In 2015, the New Zealand Environmental Protection Agency (EPA) came under public fire for electing chief executive Allan Freeth, former CEO of PGG Wrightson and vocal supporter of genetic engineering.

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Allan Freeth

This is due to a strong conflict of interest previously supporting big biotech corporations like Monsanto, and now being in charge of protecting New Zealand’s environment from the same corporations that he used to work closely with.

It’s then of no surprise to see an EPA commissioned review of glyphosate, the main ingredient in the controversial Monsanto weed killer RoundUp, claim it is “unlikely” to be carcinogenic to humans.

Last year, PGG Wrightson took over exclusive wholesale rights to Monsanto’s Roundup herbicide. Combine this with Freeth’s years spent in corporate boardrooms partnering with Monsanto, the conflict and bias becomes clear.

This is an excellent example of corporations exerting control over the science via calculated placement of figures into positions of power, despite obvious conflicts of interests.

Green MP Steffan Browning has been vocal on the topic, especially the appointment of Freeth to the EPA: “He was the person that bought genetic engineering to Wrightsons, and they’ve been the one that have been pushing for the forages particularly to be genetically engineered and was baiting his frustration with the regulatory position at the time that was holding up those things getting out into the environment effectively.”

The glyphosate report was produced by Dr Wayne Temple, a retired consultant toxicologist who has also recently produced a statement of evidence commissioned by Canterbury Aggregate Producers for their application to deepen Christchurch quarries below water table levels. This application has resulted in opposition by both Christchurch City Council (CCC) and Environment Canterbury (ECan), with the majority of public submissions received being in strong opposition to the deepening due to the potential damage the city’s water tables.

Wayne Temple

Rather than undertake New Zealand based research on glyphosate, Temple’s conclusions were formed through review of overseas studies. His opinion differs greatly to the findings of the World Health Organisation (WHO), which concluded through the International Agency for Research on Cancer (IARC) that glyphosate is “probably carcinogenic to humans.”

The IARC note that ‘glyphosate has been linked to tumors in mice and rats — and there is also what the IARC classifies as ‘mechanistic evidence’, such as DNA damage to human cells from exposure to glyphosate.

Kathryn Guyton, a senior toxicologist at the IARC and one of the authors of the study commented, “In the case of glyphosate, because the evidence in experimental animals was sufficient and the evidence in humans was limited, that would put the agent into group 2A.”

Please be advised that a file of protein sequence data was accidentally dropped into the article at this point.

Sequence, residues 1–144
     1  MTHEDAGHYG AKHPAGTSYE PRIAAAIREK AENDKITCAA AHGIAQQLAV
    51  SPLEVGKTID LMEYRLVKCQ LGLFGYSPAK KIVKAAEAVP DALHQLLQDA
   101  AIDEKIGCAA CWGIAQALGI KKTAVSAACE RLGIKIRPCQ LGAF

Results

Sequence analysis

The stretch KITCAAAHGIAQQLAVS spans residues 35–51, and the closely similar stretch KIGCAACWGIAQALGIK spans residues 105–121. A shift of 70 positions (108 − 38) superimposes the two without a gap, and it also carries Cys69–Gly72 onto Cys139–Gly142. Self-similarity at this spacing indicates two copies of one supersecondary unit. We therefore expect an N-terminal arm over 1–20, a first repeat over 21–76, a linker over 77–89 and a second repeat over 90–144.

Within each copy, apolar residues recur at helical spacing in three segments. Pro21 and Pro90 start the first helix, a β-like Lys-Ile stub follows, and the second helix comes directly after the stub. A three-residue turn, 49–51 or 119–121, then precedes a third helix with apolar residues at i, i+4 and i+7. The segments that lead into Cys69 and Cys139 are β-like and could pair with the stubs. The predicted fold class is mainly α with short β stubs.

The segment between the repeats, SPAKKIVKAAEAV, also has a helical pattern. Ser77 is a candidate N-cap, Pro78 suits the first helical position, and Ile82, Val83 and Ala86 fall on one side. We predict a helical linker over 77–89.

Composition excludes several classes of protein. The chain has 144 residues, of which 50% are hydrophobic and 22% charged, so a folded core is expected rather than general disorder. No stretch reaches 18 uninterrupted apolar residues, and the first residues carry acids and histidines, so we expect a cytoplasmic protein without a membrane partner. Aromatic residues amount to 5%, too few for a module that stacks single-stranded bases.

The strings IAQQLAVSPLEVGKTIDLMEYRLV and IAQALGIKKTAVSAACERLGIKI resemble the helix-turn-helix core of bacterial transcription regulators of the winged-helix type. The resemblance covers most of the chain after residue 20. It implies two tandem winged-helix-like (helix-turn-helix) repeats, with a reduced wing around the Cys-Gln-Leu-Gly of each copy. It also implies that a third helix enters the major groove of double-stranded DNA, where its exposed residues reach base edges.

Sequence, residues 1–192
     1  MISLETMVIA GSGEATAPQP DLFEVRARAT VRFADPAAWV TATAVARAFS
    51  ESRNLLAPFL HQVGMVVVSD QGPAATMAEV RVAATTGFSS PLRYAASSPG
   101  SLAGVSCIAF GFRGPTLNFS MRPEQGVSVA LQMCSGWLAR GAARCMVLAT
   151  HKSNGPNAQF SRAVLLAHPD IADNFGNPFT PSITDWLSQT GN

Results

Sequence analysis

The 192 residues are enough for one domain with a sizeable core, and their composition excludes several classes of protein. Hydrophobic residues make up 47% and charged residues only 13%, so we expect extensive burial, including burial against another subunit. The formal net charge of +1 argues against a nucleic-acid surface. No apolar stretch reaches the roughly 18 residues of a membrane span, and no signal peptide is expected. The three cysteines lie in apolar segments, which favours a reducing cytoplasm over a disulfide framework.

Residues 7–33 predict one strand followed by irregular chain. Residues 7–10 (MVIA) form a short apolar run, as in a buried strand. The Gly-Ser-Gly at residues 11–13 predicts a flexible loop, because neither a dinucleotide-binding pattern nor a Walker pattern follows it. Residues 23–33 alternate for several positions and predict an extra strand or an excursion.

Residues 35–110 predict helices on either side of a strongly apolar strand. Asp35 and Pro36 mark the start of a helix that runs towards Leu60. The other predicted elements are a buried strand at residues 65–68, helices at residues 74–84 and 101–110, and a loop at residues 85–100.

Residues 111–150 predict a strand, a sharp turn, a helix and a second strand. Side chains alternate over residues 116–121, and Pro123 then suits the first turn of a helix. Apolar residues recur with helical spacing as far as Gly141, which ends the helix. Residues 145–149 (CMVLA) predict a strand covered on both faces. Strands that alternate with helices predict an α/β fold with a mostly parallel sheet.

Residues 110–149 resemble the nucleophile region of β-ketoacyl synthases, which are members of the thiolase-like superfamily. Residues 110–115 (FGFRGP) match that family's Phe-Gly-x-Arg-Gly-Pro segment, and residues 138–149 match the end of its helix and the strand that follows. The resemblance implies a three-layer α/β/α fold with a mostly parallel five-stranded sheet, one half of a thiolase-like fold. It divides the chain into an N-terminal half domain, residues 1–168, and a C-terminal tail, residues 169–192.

EPA manager of hazardous substances and new organisms Asela Atapattu suggested the reason for the commissioned report was to address New Zealand local councils’ growing concerns surrounding the currently popular weed killer by providing them with some ‘real science’.

It’s clear that in this case, ‘real science’ is simply a vested interest opinion commissioned by those with ties to the corporations who stand to lose millions in profit if glyphosate is banned, being lazily broadcast in the media by NZ Farmer editor Gerard Hutching as new scientific findings.

For almost five decades big tobacco corporations joined forces to fight against the mounting scientific evidence of the drug’s addictive and harmful effects to human health to protect profits. The tactic behind avoiding the facts shown by data and argued by scientists is known as shedding reasonable doubt, and is today still used to manipulate consumers into doubting scientific evidence.

This is currently evident in New Zealand in terms of glyphosate, due to the recent public petitions raising safety concerns with local councils and requesting the product be banned. The inevitable response of funding reports denying the dangers of glyphosate can be clearly seen as an attempt to manipulate public opinion to keep their product on the shelves.

Overseas, a recent survey found that two thirds of Europeans support a complete ban of glyphosate due to the dangers to public health. It’s not surprising when traces have been found in the urine of people from 18 different European countries, as well as in 60% of breads sold in the UK.

By sharing unfounded reports, peer reviewed by only the EPA and Ministry of Primary Industries (MPI), those with vested interests protecting GE and glyphosate have begun seeding doubt into the minds of the public through an ever obliging media, which for years has been lacking the fundamentals of proper journalism.

Allan Freeth has a clear conflict of interest in his appointment to the EPA having previous strong ties to big biotech corporation Monsanto, and any reports commissioned under his leadership should be disregarded in favour of analysing the real science currently used by the WHO in determining danger to the general public.

Freeth should be removed as CEO of the NZ EPA and replaced with a chair that does not have clear ties to the corporations which our environment needs to be protected from.

About The Author

Wake Up NZ is a team of dedicated truth-seekers from all over New Zealand. We are committed to disseminating information that the mainstream media fails to bring to you.

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